But touché! You've got a better game plan.

  • When you walk in and say, "I'm here to test drive a Honda Accord EX," the salesperson is likely to say, "This is your lucky day, we're having a big sale. If I got you the right price, would you buy the car today?"

  • To which you will respond, simply and directly, "No. I am considering a few other cars, all of which I am going to test drive before making my choice. I have an appointment to test one in an hour and a half, and I am going to keep that appointment. If I decide to buy an Accord, I'd be glad to give your dealership a shot at selling me one." (The other cars on your real or fictional list are none of their business.)

  • Then, at the end of the test drive, when the salesperson says, "Let's take a quick look at some numbers," you'll reply (firmly), "I appreciate the time you've spent today, but I don't want to waste my time or yours. And we'd be doing that to both of us if we looked at numbers on a car I haven't decided to buy. If I choose the Accord, I'll be contacting you for a price proposal."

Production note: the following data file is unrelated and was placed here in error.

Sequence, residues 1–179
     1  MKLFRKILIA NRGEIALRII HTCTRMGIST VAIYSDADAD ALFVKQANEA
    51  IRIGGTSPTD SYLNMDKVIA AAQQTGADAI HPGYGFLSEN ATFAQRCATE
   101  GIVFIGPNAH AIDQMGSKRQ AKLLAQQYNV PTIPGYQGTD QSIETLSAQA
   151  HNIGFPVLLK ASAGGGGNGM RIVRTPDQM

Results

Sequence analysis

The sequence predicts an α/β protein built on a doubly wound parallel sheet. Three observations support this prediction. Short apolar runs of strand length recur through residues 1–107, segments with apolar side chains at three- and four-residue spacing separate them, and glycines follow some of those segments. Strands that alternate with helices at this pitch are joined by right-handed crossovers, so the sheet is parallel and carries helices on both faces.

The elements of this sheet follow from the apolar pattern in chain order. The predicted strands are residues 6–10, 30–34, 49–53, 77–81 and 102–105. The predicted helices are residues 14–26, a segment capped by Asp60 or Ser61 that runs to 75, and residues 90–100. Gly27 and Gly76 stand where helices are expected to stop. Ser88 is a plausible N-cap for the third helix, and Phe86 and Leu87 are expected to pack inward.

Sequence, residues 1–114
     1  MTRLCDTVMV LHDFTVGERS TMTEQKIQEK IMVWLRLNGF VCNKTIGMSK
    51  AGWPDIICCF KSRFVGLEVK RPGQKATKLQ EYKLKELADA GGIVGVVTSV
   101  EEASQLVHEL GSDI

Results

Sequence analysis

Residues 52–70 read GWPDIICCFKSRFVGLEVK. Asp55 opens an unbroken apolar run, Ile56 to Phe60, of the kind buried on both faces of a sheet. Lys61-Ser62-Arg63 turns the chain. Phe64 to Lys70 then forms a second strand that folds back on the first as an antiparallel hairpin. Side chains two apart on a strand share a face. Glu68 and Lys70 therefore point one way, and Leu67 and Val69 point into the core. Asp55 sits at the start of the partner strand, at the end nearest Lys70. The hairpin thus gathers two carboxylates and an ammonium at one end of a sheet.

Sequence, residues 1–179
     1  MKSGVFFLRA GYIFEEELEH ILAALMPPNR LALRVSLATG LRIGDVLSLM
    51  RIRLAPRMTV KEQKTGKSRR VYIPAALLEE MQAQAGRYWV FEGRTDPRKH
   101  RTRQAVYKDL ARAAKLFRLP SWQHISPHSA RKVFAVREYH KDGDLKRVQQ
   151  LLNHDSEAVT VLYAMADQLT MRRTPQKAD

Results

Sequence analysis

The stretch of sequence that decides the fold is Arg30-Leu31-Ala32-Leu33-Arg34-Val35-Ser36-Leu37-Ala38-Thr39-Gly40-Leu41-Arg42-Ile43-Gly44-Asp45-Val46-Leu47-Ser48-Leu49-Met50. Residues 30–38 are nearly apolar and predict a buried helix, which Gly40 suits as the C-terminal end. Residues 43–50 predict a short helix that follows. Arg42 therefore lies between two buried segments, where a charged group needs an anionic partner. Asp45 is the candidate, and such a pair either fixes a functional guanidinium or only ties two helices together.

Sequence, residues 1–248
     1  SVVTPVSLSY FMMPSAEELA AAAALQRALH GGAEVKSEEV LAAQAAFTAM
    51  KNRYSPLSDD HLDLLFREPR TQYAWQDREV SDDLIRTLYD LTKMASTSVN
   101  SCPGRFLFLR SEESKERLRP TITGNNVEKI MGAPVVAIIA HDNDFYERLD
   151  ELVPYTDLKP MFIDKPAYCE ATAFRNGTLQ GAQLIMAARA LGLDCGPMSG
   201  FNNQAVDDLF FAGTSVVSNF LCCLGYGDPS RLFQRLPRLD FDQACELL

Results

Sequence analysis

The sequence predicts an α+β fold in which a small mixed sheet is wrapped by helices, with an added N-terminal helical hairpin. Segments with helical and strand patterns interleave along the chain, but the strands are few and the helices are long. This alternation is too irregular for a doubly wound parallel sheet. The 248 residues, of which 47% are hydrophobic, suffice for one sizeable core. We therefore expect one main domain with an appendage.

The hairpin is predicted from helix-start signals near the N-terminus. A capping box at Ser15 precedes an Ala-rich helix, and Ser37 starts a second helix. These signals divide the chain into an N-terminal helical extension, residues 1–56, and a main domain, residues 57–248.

If you follow this game plan at every car store you visit for a test drive, even the final one, you will get a straightforward test drive without getting pressured into a price negotiation.

    PLANNING YOUR VISITS

    Once you’ve decided which make(s) and model(s) you want to test, visit the automakers’ web sites, most of which have “Dealer Locators” listing names, addresses and phone numbers. You’ll enter your zip code and get info on the nearest dealer or two. (Newspapers also typically print dealer information in their automotive sections.) If you’re considering a make with a smaller number of dealers, you may have to move your location around to get dealers’ names over a wider geographic area.

    Don’t call ahead to set test-drive appointments; that smacks too much of a “Getting to know you, getting to know all about you” commitment. (You’re not sick. This is a test drive, not a doctor visit.) Just choose the stores you'll visit, grab a pen and a pad to take detailed notes, leave your checkbook and credit cards at home and jump in your car.

    AT THE CAR STORE